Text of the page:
Senate Looks at Doctor-Dropping by Medicare Advantage Plans:
What to do when Medicare Advantage insurers drop large numbers of doctors from their plans?
Raymond H. Welch, a dermatologist in Rhode Island, told the committee that when Medicare Advantage plans can summarily drop providers, it leaves doctors focused on pleasing the insurer instead of advocating for their patients. “It is this perversion of the doctor-patient relationship that I fear the most,” Welch said. “It is said you cannot serve two masters. The master that physicians serve must be their patients, not UnitedHealthcare.”
But attorney Stephanie Kanwit, testifying on behalf of America’s Health Insurance Plans, the industry’s national trade association, countered that insurers need the freedom to drop doctors from their networks.
“As a direct result of the serious funding challenges facing the Medicare Advantage program,” Kanwit told the committee, “the need is greater today than ever before for innovations that deliver increased value to beneficiaries with the increasingly limited resources that are available to support the MA program.” Insurers, she said, are looking at which medical providers are most cost-effective as well as which score best on measures of quality care.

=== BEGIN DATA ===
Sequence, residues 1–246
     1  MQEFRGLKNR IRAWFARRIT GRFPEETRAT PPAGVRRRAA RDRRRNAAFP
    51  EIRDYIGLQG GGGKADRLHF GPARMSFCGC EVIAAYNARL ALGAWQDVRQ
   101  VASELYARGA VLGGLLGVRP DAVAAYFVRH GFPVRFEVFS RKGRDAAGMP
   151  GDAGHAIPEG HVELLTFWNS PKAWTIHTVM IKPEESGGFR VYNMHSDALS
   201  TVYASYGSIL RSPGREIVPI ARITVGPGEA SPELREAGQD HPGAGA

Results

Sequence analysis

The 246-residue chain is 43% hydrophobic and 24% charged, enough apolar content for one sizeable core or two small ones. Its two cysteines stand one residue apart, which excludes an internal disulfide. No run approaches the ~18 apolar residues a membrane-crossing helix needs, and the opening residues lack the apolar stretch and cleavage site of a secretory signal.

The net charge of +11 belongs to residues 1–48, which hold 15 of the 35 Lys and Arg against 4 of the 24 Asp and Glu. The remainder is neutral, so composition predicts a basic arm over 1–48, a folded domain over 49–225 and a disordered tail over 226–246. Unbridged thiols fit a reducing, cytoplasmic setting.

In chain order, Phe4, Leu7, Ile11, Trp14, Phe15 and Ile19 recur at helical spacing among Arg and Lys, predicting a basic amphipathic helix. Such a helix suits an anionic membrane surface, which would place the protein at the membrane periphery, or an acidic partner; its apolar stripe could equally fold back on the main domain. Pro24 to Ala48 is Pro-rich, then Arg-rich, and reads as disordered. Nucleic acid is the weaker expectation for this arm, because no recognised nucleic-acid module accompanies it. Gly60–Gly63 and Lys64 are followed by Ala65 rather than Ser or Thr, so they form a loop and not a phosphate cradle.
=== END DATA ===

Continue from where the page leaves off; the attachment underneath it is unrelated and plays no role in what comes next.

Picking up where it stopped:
Richard D. Johnson, a retiree who lives in Bridgeport, Conn., said he was disappointed and confused when the doctor he trusted was dropped from his Medicare Advantage plan.
“I just want to see the doctor who has been taking good care of me for three years,” Johnson testified. “ I want to say that I am not just worried about myself. There are lots of other seniors who are affected by this. … When you have health problems, you want to stay with the doctors who know you personally and take excellent care of you.”
Posted on 01/27/2014 by Tamara Lytle | Washington Watch |